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Byron Shire
March 8, 2021

Preserving rights

Latest News

Seapeace: the late Tony Maxwell’s wetland legacy

Many curious minds have pondered the purpose of the rice paddy-like waterbodies that scallop the contour lines out into the Ewingsdale coastal plain that can be viewed from St Helena Road.

Other News

What’s happening with South Ballina Beach?

The debate about the future of the beaches south of Ballina is heating up again as councils and concerned citizens grapple with the ongoing issue of 4WD-related damage.

Byron Wildlife Hospital’s DA up for public comment

A development application for the mobile Byron Bay Wildlife Hospital is now before the public.

Fossil investments

Brian Mollet, Mullumbimby It is with considerable incredulity that I read in last week’s Echo that Byron Shire has a lazy...

Cartoon of the week – 3 March, 2021

We love to receive letters, but not every letter will be published; the publication of letters is at the discretion of the online and print letters editors.

Leadership lost

Paul Leitch, Ewingsdale Thanks to Hans Lovejoy for commenting on the proposed Ewingsdale Development (24 February). It is worthwhile noting that...

Thirteen students inducted into Tweed Youth Council

The Youth Council program hopes develop better relations between Council and Tweed’s young people, by encouraging a mutual respect, and providing opportunities to contribute to civic life in a constructive and meaningful manner.

Roy Drew, Mullumbimby

The visit of human rights advocate Gillian Triggs has sparked interest and concern for the level of human rights we enjoy in this country.

Ms Triggs discussed the inadequacies and shortcomings of the Australian Constitution suggesting a charter expanding our rights could be drawn up in our area as an inspiration towards a national campaign.

A group of locals are now investigating the possibility of developing a ‘Mullum’ Charter in homage to the Magna Carta of 800 years ago.

Even though The Magna Carta was drawn up in mediaeval England to challenge the power of the monarchy, it may well be more progressive than the Australian Constitution is today.

The idea has me wondering about the rights of Australian citizen and journalist Julian Assange. He’s been confined to the Ecuadorian Embassy in London for six years through fear of arrest and extradition to the USA that could lead to treatment similar to Chelsea Manning or worse.

Journalist Peter Greste’s  release from incarceration in an Egyptian jail for doing nothing but his job was welcomed.

If the Australian government were able to repatriate David Hicks and Mamoud Habib from the horrors of Guantanamo Bay, why are they unable or unwilling to facilitate Assange’s departure from the embassy?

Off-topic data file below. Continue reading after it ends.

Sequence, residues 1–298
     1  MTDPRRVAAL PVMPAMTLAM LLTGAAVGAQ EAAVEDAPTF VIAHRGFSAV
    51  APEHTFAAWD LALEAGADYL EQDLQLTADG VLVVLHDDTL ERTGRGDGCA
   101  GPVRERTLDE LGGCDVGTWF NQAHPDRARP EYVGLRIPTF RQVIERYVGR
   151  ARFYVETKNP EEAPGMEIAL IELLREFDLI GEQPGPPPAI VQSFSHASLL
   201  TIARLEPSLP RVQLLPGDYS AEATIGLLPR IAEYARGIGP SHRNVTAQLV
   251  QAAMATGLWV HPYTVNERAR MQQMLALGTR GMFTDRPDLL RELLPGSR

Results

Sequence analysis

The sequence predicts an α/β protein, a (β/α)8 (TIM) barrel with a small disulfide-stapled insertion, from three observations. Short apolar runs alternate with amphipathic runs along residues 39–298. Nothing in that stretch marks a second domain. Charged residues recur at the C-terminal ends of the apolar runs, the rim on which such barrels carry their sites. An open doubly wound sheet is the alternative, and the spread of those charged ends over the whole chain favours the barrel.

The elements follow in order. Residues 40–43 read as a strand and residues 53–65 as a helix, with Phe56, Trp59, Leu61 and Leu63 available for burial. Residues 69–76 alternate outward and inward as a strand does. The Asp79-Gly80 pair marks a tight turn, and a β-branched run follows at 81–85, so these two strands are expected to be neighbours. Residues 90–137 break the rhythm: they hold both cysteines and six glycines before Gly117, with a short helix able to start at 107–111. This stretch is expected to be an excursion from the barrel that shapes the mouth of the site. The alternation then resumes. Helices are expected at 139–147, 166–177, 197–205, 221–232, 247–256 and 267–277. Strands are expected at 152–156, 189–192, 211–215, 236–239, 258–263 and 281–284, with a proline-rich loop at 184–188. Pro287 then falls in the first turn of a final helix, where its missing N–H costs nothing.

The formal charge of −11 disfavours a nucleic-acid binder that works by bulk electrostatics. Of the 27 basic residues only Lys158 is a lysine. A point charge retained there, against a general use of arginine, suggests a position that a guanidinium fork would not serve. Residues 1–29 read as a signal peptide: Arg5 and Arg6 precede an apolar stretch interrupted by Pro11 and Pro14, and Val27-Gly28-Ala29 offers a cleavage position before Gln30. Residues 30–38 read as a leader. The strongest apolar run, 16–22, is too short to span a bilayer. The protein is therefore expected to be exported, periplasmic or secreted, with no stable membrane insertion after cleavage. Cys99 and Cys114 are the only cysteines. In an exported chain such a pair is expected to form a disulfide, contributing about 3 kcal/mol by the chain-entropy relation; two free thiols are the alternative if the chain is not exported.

To quote David Hicks’s lawyer Michael Mori, ‘It’s disheartening that federal minsters won’t fight for an Australian citizen to have the same rights as an American,’ following the signing of the Fremantle Declaration.

This declaration urged judicial fairness to be applied in David Hicks’s case as part of the protection of legal rights of Australians at home and abroad.

It was signed in 2006 by attorney generals of the states and territories. The federal attorney-gGeneral at the time, Philip Ruddock, refused to attend.

Why the cruel and inhumane treatment of Chelsea Manning and the forced exile of Edward Snowden? Manning helped expose the indiscriminate nature of the American war machine while Snowden and Assange have exposed the surveillance on us all.

We are often told that the Australian government guards the interests of Australian citizens everywhere regardless of what they may have done.

In the interests of journalism, freedom of the press, freedom of speech and our right to know, we must demand that the government prove the truth of that claim by bringing citizen Julian Assange home.

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  1. The problem is that governments have taken rights away from citizens and given them to un-elected, unrepresentative quangos like the AHRC.

    Gillian Triggs is part of the problem. Expanding the state into our private lives always results in a loss of freedom, not ‘protection’ of freedom. All power should be in the hands of democratically elected Parliaments, not unaccountable bureaucracies with their own agenda.

    ‘Freedom of speech’ should be explicitly written into our Constitution, not implicit, as that is the fundamental freedom on which all other freedoms hang, and people like Gillian Triggs don’t have much respect for it.


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